I wanted to point out a funny thing though. Living in a post-soviet country I can sense my bias that tells me that this is totally ridiculous. Probably the difference between here and America is just so big. This situation is just inherently absurd by the simple fact that selling that iPhone would give me enough money to survive for 2 months paying a rent in a cheap apartment and buying another cheap phone.
Besides that, the most important difference is that we never take such big loans here. Big loans are scary for us. I understand how important they are for developing an economy, but all around me most people would hardly get a loan to buy a car. Even if the economy is poor, people are much more free because they don't take insane debts. I think american culture really needs to remember that debt is dangerous.
Just a quick thought about the abyssal difference between the 2 mentalities.
One of the greatest things my very successful Grandfather taught me was to never go into debt for anything that doesn't make you money, and even then be careful. He was right, too, and it's helped me through some times in which I've been tempted to go and get that nice car, buy those nice toys, get that $10k limit credit card. I don't even use a credit card, and I'm 24 and relatively successful; if I need a "loan", then I loan it to myself out of my savings account.
When I was 17, I was homeless. I lived out of my car for 6 months, got a job delivering pizzas to pay for my own food. I wouldn't wish homelessness on my worst enemy, but living through it has helped me learn how to be properly self-sufficient and has given me the mental tools to tough out some pretty crappy situations over the years. It's interesting how that goes.
One of the questions was "how much credit card debt do you have, and how are you planning to reduce it?" I found it pretty strange that the quiz assumed that the reader would be certain to have some credit card debt; indeed enough that they would need a plan to reduce it gradually.
As an Indian I find this a strange way of looking at things. To me a credit card is a convenient payment method, not a facility to award myself discretionary loans.
I'm glad you enjoyed my post as much as I did writing it.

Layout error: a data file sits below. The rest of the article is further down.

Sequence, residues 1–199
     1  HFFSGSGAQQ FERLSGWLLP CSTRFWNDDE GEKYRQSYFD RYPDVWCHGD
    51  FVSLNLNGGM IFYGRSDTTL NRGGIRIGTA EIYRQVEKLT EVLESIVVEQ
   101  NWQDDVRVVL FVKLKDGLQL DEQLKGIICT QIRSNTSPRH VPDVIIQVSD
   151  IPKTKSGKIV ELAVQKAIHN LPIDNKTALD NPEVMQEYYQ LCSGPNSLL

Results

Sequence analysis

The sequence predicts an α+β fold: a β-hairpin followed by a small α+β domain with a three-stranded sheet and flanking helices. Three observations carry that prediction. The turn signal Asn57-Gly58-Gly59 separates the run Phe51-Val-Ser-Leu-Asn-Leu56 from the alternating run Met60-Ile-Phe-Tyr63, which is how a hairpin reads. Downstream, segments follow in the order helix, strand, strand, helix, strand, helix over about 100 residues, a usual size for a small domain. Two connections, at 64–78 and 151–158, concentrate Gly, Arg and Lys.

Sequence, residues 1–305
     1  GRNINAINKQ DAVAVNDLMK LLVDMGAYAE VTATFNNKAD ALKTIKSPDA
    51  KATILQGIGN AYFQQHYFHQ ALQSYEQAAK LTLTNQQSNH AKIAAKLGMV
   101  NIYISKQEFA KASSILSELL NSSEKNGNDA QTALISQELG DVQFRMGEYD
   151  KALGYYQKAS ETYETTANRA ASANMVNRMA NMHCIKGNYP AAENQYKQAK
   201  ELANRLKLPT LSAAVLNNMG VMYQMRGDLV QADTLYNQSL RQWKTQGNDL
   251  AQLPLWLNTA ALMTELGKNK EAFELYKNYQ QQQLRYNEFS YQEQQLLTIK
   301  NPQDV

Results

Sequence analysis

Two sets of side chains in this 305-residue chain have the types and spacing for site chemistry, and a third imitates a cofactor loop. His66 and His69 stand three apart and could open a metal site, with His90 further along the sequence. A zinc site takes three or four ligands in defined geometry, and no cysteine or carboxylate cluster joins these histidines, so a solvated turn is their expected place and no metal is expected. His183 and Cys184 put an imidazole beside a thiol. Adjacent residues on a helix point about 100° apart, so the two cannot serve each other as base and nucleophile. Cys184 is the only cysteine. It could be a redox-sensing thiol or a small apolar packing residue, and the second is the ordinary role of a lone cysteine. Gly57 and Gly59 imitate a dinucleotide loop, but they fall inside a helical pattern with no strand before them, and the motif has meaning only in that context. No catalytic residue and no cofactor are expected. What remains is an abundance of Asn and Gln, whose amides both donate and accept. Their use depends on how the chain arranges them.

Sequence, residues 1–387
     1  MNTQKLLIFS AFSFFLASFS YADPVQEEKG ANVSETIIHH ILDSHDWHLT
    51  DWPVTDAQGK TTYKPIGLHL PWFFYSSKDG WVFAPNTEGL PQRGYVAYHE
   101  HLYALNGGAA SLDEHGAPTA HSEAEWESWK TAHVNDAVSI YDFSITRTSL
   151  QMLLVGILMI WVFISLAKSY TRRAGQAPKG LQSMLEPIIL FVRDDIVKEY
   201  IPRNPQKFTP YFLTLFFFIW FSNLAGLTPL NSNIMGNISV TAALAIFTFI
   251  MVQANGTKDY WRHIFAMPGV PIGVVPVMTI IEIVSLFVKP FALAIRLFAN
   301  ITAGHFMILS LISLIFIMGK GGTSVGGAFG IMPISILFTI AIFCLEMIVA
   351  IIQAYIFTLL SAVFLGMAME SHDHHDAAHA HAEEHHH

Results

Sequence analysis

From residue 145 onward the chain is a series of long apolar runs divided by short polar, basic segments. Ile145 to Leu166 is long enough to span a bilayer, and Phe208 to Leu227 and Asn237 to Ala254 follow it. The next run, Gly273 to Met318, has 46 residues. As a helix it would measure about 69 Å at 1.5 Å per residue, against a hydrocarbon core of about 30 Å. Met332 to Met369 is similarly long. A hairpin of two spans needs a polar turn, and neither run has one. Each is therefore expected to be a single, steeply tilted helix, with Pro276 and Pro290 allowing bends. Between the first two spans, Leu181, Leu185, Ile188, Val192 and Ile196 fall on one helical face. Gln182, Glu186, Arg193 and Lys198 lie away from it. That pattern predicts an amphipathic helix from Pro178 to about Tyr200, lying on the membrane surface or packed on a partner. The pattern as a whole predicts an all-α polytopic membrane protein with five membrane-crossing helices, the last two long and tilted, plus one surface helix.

Great words. I really understand what you say, I've lived for some years in a post-soviet country and I never felt so free. There are other flavours of freedom besides the one offered in America. It's so confusing for me that he didn't have any family/friends that could help him out offering a temporary shelter. Is this normal in America?
If I had to take a lesson from his words it would be: focus in relationships. All the rest is not important.
I'm in the UK and my only debt is my mortgage, because I'm in the last generation not to have to pay for higher education.
Also, popular culture is very focused on the idea of having lots of "stuff", which leads to people spending more than they should.
While not homeless, my sister came to a crossroads in her career and is now doing this exact thing. The extra $10K/yr basically pays her rent, she is still able to work full time, and she'll have a degree in a field she actually likes at the end. If OP suddenly had $5K in the bank, his road to recovery wouldn't have been nearly as rocky.
And while specific skills training may help, more education won't bring clients online.
APUS is, despite its "public university" name, a private, for-profit institution, owned by American Public Education, Inc.
Those interested in changes to U.S. bankruptcy code, including educational loans, might care to look at the Student Loan Bankrupcy Exception at FinAid:
Student loans were dischargeable in bankruptcy prior to 1976. With the introduction of the US Bankruptcy Code (11 USC 101 et seq) in 1978, the ability to discharge education loans was limited. Subsequent changes in the law have further narrowed the dischargeability of education debt.
You're wrong. It will stay with you until you pay it off, on relatively easy terms, and payments only begin after you graduate.
> And while specific skills training may help, more education won't bring clients online.
Most people seeking a degree aren't in fields where they are looking for "clients". Most people want a degree so they can get a job. If you are referring specifically to learning to code, I wouldn't recommend that anyone use any paid school. There are more than enough free online resources to teach yourself to become a very proficient programmer.
Most online schools, and indeed most online businesses, have one or more "Ripoff Reports" posted. That site is hardly credible, and I question the motives of anyone that would even post a link to such garbage on a site like HN. Most of those "reports" are written by competitors of the business at issue, angry ex wives, the owner of Ripoff Reports himself etc...it's an extortion scheme, asking people for money in order to modify posts. Posting there is SOP among scumbags. Their PageRank is their only asset, and they use it for extortion.